I met this guy the other day, and he made me rethink my answer to Jaquandor regarding his recent Ask Roger Anything question about this: “In this age of increasing partisan division, I am finding it harder and harder to even empathize with the ‘other side'”.
There was this rally I attended a week ago about protected bike lanes and a road diet for Madison Avenue in Albany. Lots of people spoke, fortunately very briefly, as it was HOT. Afterwards, this one guy apparently approached one of the speakers, expressing his objections.
As I’m riding off, this same guy says to me, “Let me ask you something.” Hey, I’m a librarian, people ask me things all the time. “I asked this other fellow ” well, something about how, if bikes were going 20 miles per hour, and cars were going 30 mph, the accidents would be worse than if bikes rode on the sidewalk and negotiated around pedestrians going 10 mph. Thus, he concluded, bicycles should ride on the sidewalk.
I told him I agreed with the other fellow he talked to. But, because he really wasn’t interested in a discussion, just agreement, I was unable to actually address the fallacies of his argument, 1) that pedestrians would be more vulnerable on the sidewalk, 2) that the bikes WOULDN’T be going 15-20 mph BECAUSE they would be avoiding pedestrians. Or, and I’ve seen this personally, some of the bikers going through pedestrian traffic, just ringing their bells or shouting for pedestrians to get out of their way, which, as a pedestrian, I hate.
One can make legitimate complaints about bike lanes, in terms of costs and priorities. “When I was a kid” is not one of those explanations that I find useful. I also couldn’t get in a mention that there are places within the city of Albany limits without sidewalks.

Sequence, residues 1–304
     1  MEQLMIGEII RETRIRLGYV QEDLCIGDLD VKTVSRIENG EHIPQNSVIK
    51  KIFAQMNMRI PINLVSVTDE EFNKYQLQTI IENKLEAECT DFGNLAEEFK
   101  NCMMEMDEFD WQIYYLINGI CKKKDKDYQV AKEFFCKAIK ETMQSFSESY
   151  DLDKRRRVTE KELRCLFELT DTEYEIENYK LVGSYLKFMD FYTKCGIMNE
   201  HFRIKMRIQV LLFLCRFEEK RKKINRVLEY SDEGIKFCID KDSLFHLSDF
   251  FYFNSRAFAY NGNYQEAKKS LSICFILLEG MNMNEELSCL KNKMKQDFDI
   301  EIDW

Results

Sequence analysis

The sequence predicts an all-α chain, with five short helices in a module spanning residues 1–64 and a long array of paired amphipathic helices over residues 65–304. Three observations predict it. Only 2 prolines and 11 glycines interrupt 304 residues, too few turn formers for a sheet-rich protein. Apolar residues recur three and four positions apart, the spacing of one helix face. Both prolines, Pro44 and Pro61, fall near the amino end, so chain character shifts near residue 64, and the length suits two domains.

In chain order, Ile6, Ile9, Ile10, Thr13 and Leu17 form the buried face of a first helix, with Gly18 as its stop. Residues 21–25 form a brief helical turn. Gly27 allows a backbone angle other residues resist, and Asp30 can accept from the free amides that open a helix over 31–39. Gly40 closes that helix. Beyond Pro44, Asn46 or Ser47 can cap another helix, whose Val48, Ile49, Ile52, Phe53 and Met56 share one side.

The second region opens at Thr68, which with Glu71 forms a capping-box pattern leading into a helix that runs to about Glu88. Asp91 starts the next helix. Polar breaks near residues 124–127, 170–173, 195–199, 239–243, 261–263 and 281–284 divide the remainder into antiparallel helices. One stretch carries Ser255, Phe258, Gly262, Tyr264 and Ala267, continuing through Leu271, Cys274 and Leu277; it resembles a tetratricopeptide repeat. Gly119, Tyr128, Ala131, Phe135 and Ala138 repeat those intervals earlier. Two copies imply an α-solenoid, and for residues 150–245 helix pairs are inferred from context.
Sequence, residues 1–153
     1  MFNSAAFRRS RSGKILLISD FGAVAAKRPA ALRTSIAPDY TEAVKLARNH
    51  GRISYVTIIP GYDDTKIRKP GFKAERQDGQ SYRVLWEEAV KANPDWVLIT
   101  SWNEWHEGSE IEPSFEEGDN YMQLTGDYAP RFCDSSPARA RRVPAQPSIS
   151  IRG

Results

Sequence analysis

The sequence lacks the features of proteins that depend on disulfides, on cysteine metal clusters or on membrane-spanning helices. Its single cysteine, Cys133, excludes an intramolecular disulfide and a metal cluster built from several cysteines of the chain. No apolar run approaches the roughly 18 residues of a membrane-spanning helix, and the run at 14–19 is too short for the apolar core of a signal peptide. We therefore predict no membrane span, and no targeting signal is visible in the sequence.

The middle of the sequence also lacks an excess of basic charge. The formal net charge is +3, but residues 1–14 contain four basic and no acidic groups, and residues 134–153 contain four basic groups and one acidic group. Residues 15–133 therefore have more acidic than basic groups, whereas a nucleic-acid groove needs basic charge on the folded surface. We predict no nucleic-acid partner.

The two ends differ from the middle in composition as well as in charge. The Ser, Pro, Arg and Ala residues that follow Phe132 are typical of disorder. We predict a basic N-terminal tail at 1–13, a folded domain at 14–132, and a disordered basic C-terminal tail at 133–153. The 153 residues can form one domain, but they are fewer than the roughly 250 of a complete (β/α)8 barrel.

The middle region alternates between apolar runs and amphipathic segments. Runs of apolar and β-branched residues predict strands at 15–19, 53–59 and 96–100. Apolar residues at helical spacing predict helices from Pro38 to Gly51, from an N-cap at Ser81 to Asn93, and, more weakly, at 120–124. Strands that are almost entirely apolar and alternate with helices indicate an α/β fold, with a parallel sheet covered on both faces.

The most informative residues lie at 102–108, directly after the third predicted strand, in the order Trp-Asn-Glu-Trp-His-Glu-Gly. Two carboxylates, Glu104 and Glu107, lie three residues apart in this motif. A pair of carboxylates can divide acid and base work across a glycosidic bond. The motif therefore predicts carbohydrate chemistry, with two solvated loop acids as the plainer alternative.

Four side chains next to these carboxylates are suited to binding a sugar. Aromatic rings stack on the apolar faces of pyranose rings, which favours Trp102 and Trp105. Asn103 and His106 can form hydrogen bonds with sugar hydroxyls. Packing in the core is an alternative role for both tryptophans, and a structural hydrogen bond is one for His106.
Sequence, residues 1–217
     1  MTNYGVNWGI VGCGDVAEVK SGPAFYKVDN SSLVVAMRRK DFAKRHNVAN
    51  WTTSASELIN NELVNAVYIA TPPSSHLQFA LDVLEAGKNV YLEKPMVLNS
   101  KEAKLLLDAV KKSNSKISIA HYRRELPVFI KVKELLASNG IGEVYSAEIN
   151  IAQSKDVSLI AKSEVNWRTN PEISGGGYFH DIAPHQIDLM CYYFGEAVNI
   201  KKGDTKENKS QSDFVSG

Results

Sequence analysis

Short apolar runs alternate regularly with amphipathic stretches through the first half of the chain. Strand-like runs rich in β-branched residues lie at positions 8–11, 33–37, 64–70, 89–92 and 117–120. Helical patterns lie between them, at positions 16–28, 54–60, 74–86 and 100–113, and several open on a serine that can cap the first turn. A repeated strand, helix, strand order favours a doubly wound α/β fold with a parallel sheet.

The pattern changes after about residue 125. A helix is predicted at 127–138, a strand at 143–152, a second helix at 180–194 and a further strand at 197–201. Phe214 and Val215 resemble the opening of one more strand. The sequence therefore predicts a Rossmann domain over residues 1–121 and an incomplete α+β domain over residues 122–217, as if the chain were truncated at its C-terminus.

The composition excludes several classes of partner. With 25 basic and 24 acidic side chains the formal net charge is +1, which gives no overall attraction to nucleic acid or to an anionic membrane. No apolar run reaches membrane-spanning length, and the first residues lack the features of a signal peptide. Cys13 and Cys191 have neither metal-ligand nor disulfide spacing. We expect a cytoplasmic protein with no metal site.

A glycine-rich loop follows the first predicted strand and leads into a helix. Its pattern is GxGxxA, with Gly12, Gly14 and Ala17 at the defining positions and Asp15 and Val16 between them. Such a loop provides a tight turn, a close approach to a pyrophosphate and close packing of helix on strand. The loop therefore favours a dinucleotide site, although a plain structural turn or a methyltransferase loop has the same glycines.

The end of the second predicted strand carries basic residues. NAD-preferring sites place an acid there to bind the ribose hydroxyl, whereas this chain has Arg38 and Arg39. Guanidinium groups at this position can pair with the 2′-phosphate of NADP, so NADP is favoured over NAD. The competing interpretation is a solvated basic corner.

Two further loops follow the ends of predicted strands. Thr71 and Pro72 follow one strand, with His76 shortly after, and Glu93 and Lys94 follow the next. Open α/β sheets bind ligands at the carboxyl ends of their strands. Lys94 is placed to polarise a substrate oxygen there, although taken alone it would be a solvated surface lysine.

Then the guy said, “Don’t you people have anything better to do?” Unsurprisingly, this has NEVER a compelling talking point to me, ever, nor its variant, “you must have too much time on your hands.” Did the people who designed this Bach ball thing, or deconstruct dominoes to put on YouTube, or write a blog every day not have other, more noble pursuits to engage in?
This blog post, Outrage and The Theory of The Universal Double Standard, touches on this. Why are you more distressed about the killing of Cecil the lion than about X, or Y, or Z? Wait, can’t I be upset about Cecil AND X, Y and/or Z?
This guy at the rally continues, more animatedly, “What’s wrong with this country? They spend too much time on unimportant stuff, like that environmental crap” and a litany of other things. What? Dealing with the environment’s a waste of time? A statement just too broad to counter.
“Four Marines died the other day, and nobody’s talking about that…” Except for people all over the country, including more than a few who temporarily provided armed protection to military recruiting stations. The false narrative was jaw-dropping to me.
“Meanwhile, a black kid gets killed and everybody…” At this point I rode away, knowing full well that he believes he’s “won” the argument, whatever that means. And I don’t care.
I got lectured on my Times Union blog about the Socratic method, which I’m not opposed to. But this conversation was not that.
Related: I continue to be fascinated by the means people use gather news. Recently, someone on Facebook posted something about Sandra Bland, the Chicago-area woman who died in police custody, purportedly by suicide, after an unpleasant encounter with a police officer at a traffic stop. “Did anyone know about this?” Only for the last five days. “I didn’t read anything about it on the Internet.” This librarian doesn’t think “the Internet” is a source, only a conveyance. In any case, the story was on NBC, CBS, ABC, the New York Times, USA Today, etc., including on their online platforms. The story was by no means buried.
That’s not the first time I’ve seen that phenomenon, and it’s often couched in terms of the press “suppressing” the story. I’m perfectly aware of underreported stories, and one should kvetch about that fact when it’s actually true.